Wednesday, 22 November 2006

John Webster: Confessing God

John Webster, Confessing God: Essays in Christian Dogmatics II (London: T&T Clark, 2005), 232 pp. (with thanks to T&T Clark for a review copy)

“The matter to which Christian theology is commanded to attend, and by which it is directed in all its operations, is the presence of the perfect God as it is announced in the gospel” (p. 1). John Webster’s latest collection of essays in dogmatics opens with this programmatic statement. Some of Webster’s central commitments are clearly expressed in this opening statement: in particular, the ideas of God’s presence and of God’s perfection.

For Webster, God’s perfection is “the sovereign and majestic fullness with which God is himself” (p. 1). To speak of God’s perfection is thus “to indicate this one in the supreme radiance and completeness of his triune being and act” (p. 88). Following Barth, Webster affirms that God’s perfection includes within itself the movement in which God turns towards his creatures in grace. This means that God’s presence to humanity should not be conceived of as a mediated presence – as though God were essentially remote from his creatures. On the contrary, God is perfect in his movement towards us; he is perfect in his electing prevenience. In Jesus Christ, God is always already “majestically and spontaneously present” (p. 188).

Such an emphasis on the unmediated character of God’s presence has far-reaching significance for the way in which Webster articulates various theological themes. For instance, while biblical hermeneutics often posits a fundamental gap between scripture and the contemporary interpreter, Webster argues that there is no such gap: scripture is already “clear” because of God’s own radiant presence to us (chapter 2). Thus on the basis of God’s prevenient presence we need only develop “an untroubled and circumscribed hermeneutics” (p. 46).

Or, for another example, in an essay on ecclesiology (chapter 7) Webster emphasises the relationship between Christ and the church as one of “precedence and subsequence, giving and receiving” (p. 170) – it is a relationship established by God’s prevenient presence and action. Thus the church is neither an extension of divine agency nor merely a specific form of social community, but it is a responsive movement towards the presence and actuality of the perfect God. Again, in discussing the method of christology (chapter 6), Webster argues against any a priori inquiry into the conditions for knowledge of Jesus Christ, since such a procedure would undermine christology’s real object: the sheer presence of Jesus Christ in the radiance of his “lordly actuality” (p. 139).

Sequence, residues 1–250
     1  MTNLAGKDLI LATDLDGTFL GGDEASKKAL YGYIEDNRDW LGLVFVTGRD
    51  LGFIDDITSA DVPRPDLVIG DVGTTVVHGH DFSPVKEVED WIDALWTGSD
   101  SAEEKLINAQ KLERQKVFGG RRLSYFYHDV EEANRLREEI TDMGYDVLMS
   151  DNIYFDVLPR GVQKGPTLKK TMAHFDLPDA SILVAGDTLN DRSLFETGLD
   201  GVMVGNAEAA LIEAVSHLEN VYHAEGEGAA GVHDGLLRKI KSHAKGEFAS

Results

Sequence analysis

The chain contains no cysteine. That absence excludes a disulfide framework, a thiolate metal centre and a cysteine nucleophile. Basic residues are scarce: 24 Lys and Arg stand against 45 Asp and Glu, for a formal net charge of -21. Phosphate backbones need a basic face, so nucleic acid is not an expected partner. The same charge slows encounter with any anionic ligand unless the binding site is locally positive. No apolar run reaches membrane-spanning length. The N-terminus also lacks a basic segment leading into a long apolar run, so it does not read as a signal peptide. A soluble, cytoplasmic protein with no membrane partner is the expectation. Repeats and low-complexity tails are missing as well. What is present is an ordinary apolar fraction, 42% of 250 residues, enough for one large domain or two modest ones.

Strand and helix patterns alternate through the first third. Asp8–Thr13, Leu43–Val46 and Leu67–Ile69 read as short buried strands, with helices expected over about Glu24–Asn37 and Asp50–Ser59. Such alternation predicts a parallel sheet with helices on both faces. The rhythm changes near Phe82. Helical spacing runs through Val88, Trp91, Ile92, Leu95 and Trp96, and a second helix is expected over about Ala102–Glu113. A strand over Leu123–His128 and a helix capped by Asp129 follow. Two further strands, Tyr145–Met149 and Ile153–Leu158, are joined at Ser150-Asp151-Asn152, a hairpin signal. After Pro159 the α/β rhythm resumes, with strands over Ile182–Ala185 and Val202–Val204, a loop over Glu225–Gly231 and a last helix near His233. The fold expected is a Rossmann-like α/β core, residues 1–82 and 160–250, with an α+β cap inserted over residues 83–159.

These examples further highlight Webster’s consistent strategy of orienting all theological questions around the doctrine of God. We can talk about the clarity of scripture, for instance, only by first understanding the radiant clarity of God’s own self-communicating presence (chapter 2); we can talk about the church only by first understanding the prevenient act and being of the God of the gospel (chapter 7); we can talk about human action only by first understanding the perfect act with which God turns towards his creatures in grace (chapter 8); we can talk about an “ethics of freedom” only by first developing a “dogmatics of freedom” in which God’s own freedom-for-us is articulated (chapter 9).

This profound and rigorous concentration on God’s perfection, God’s prevenience, God’s actuality underlies all Webster’s dogmatic work. And it is precisely this concentration that grounds Webster’s methodological approach to dogmatics as a positive ecclesial science. Theology does not seek to generate knowledge of God; rather, it arises from that knowledge of God which is already present in the church (p. 142). The task of theology, then, is not merely to criticise or reinvent Christian belief (p. 83), but to repeat God’s name, to utter that which has already been uttered (p. 114). Theology therefore has a fundamentally descriptive rather than analytic task (p. 93).

Further, the distinctiveness of theology as an academic discipline lies not in the fact that it talks about God, but in the fact that it invokes God “as agent in the intellectual practice of theology” (p. 25). This positive science therefore requires a “conversion” and “reordering” of reason (p. 112), a grasping of reason by the gracious perfection of God. Methodologically, too, theology thus remains committed to the prevenient actuality of the God of the gospel.

The remarkable essays in this collection show clearly that John Webster is emerging not only as the finest theological thinker working in Britain today, but also as one of the most promising dogmatic theologians anywhere in the world.

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